When there is a huge age gap between siblings, the older sibling often gets mistaken for a younger sibling’s mother.
If you have a sibling who is much younger than you, then you know this struggle.
Due to the rise of divorce and second marriages, plus IVF treatments allowing mothers to give birth later, the average age gap between siblings in Britain has risen. Parents now leaving an average of three years and eight months between their children.
Here are four sets of siblings with a huge age gap who explain how awkward it is to get mistaken for your sibling’s mother.
Elizabeth Dhokia and her sister, Annabelle
Elizabeth Dhokia, 35, is a lifestyle blogger and social media trainer, living in Birmingham. She has a brother, Alex, 33, and three sisters — Jessica, 18, Charlotte, 14, and Annabelle, 11.
‘Annabelle is my mum’s youngest daughter, but it’s a common assumption when we’re out together that she’s mine, which is unsurprising, given the 24-year age gap.’
‘My parents — Mum is a special educational needs consultant, and Dad is a complaints handler in the energy industry — were both 20 when they had me and they separated when I was six.’
‘Then, in 2002, Mum, now in her 50s, married my stepdad Sean, an architect who’s eight years younger and didn’t have children of his own.’
‘When they told us they were expecting a baby, I was so excited. Mum took me along for her hospital consultations and I was at the 20-week scan when we found out she was having a girl.’
‘After Charlotte was born, I spent the university summer holiday at home in Worcestershire and loved helping with night feeds and settling my baby sister to sleep.’
‘By the time Annabelle came along three years later, I was working in London and I booked the week off to look after Charlotte while Mum was in the hospital.’
‘During those early years I adored taking Annabelle out for walks in her pushchair and to cafes, where all the assistants would make comments such as: ‘Oh, is Mummy buying you hot chocolate with marshmallows today?’
Bethany Wing And her sisters Thia and Molly
Bethany Wing, 20, is a marketing assistant for a healthcare recruitment agency, living in Essex with her father, Dominic, 46, a training manager, and stepmum Marie, 36, a stay-at-home mum, and their daughters, Thia, four, and Molly, two.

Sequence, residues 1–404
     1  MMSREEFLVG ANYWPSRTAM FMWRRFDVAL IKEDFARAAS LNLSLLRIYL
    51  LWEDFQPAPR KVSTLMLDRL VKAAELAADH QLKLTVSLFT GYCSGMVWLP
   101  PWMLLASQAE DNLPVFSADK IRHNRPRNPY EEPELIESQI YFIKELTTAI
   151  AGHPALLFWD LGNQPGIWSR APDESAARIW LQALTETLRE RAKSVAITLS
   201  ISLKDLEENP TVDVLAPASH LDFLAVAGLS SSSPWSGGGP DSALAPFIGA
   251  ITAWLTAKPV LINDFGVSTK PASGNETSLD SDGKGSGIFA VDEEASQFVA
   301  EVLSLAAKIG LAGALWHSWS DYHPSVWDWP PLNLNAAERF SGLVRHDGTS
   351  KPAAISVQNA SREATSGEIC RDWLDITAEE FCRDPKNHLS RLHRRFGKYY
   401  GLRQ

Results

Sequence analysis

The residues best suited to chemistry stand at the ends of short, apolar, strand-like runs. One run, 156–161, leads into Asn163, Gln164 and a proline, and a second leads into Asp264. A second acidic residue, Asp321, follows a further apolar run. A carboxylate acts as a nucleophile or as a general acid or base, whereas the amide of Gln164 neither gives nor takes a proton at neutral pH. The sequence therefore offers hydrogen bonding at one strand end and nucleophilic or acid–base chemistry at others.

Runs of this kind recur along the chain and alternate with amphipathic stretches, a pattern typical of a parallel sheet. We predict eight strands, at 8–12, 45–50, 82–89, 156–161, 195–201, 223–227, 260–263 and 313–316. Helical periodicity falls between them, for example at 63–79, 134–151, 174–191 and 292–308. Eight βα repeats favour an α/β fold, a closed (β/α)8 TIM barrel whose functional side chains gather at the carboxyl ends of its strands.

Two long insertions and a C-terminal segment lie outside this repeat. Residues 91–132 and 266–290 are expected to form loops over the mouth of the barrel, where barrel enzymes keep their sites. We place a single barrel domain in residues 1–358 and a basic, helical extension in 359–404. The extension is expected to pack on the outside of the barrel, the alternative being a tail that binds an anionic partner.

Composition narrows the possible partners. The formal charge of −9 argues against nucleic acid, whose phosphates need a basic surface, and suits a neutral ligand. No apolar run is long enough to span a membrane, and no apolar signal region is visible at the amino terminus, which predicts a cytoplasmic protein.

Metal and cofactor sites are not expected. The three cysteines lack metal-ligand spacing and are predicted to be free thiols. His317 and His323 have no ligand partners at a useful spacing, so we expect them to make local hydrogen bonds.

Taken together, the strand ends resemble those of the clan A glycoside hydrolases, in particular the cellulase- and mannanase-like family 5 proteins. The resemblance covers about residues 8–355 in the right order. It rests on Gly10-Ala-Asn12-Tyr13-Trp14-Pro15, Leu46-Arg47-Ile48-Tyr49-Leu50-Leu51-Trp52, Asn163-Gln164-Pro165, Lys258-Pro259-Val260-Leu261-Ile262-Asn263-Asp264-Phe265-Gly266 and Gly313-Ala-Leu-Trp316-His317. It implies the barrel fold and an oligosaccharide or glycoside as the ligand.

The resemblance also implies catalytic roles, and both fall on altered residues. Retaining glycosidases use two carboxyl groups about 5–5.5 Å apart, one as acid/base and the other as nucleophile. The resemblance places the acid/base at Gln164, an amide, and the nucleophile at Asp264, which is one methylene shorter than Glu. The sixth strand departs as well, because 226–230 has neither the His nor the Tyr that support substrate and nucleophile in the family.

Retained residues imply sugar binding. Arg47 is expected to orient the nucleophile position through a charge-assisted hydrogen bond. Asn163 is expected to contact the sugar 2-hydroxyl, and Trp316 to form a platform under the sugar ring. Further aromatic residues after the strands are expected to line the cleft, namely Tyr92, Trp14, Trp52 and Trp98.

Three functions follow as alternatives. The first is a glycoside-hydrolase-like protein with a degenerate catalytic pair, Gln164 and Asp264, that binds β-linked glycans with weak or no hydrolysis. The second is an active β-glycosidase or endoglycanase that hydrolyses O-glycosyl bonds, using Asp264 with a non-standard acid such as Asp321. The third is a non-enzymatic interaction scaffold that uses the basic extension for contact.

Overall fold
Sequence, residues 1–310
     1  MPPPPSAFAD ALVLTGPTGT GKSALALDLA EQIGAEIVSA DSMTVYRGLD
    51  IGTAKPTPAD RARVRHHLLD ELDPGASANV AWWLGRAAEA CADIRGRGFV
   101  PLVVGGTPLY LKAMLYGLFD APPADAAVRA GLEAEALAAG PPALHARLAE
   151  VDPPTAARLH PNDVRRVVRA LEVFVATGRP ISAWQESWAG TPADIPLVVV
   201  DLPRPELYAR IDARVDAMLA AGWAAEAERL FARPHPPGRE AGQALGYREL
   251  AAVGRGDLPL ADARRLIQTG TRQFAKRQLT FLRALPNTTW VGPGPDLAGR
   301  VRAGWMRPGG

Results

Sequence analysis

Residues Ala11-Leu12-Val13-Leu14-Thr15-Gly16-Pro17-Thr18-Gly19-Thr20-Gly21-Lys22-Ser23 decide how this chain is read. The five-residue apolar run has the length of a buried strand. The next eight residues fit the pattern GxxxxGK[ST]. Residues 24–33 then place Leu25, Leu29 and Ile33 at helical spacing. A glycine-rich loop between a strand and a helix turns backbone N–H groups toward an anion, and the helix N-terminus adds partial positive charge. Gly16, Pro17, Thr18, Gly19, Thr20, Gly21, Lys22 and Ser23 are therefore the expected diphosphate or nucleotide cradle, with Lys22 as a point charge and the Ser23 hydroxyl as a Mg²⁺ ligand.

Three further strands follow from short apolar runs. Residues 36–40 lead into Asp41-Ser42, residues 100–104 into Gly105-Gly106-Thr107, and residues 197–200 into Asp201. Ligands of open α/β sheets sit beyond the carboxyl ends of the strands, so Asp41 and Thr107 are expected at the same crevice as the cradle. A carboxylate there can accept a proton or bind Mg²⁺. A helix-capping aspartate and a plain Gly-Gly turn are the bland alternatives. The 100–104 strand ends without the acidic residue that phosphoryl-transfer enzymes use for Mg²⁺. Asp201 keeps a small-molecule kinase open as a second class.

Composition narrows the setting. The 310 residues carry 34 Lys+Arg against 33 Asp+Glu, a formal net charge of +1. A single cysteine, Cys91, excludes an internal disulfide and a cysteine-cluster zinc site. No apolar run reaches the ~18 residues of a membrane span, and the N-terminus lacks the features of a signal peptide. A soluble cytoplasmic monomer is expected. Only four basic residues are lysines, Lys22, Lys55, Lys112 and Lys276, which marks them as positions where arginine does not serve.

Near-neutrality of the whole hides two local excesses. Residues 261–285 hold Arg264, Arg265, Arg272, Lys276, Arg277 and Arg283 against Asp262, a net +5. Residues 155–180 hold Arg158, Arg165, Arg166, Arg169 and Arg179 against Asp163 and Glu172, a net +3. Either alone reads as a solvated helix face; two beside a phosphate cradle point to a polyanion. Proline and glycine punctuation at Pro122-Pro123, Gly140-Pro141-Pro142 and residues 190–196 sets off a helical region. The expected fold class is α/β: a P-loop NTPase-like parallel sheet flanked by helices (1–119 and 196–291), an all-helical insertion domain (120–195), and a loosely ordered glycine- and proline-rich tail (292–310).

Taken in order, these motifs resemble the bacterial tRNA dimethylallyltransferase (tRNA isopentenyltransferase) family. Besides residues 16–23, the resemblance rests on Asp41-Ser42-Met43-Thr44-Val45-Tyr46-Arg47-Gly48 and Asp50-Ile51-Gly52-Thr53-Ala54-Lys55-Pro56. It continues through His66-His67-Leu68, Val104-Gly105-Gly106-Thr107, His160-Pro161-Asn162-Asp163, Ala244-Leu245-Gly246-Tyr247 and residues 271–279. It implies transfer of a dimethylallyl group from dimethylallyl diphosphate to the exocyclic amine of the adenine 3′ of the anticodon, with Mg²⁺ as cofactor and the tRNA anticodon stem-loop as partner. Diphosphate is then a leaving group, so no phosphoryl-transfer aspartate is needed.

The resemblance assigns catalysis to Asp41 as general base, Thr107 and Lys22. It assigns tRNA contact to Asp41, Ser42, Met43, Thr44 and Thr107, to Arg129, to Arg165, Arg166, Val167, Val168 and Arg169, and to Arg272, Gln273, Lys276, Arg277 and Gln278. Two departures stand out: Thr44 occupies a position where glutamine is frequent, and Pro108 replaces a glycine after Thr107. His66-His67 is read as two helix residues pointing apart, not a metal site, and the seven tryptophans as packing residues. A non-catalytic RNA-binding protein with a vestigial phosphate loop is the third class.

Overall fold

‘There have been countless times when I’ve been playing with Thia and Molly at the park and strangers have mistaken me for their mummy because of the age gap between us.’
‘Although I don’t mind, because I adore my little half-sisters, occasionally I get dirty looks, too, mainly from older people who assume I’m a gymslip mum with two kids under five.’
‘The only downside to the huge age gaps between the three of us is that after getting up early for work all week, I’d love to have a lie-in at weekends.’
‘But with two toddlers in the house it’s impossible!’
Jasmine Carney and her sister Jana
Jasmine Carney, 24, is a nurse who lives in Cheshire with her parents Jacquie, 48, a national sales manager, John, 50, a company MD, two brothers aged 22 and 18, and little sister Jana, 11.
‘Mum was buttering toast in the kitchen one day when she announced to my brother, John, and me that she was pregnant.’
‘I was 13 and he was 11 and we just laughed and said: ‘Good joke Mum!’’
‘Poor Jana, I used to take her everywhere in her pram and dress her up in princess clothes, and people have often thought that she’s my daughter.’
‘It’s also happened when we’ve been at horse shows and even once when the two of us were in the local Chinese takeaway and the lady behind the counter commented: ‘Aren’t you gorgeous, you look just like your mummy!’’
Lynn Schwentke and her sister Jaimie
Lynn Schwentke, 35, is a full-time carer for her mother, and lives in Kent with her two sons, aged 14 and three. Lynn’s sister Jaimie, 21, a chef, lives nearby.
‘My sister’s birth was one of the best days of my life. My parents allowed me to go to the hospital where I watched Jaimie being born and even cut the cord.’
‘The following day, Mum and I went shopping with her in the pram and when a lady stopped to look at the baby I told her all about the birth. She looked puzzled and said: ‘Aren’t you a bit young to be a mummy?’’
‘But after Mum, who’s now 56, broke her back falling down the stairs 11 years ago, I had to take on a surrogate mother role for Jaimie, who was only ten at the time.’
‘While Dad, a project manager, was busy working, I did the school runs, attended parents’ evenings and ferried Jaimie around to various activities.’
Well, they are not the only ones. There are countless siblings with a huge age gap who face this struggle or awkward situations every now and then. Are you too one of them?
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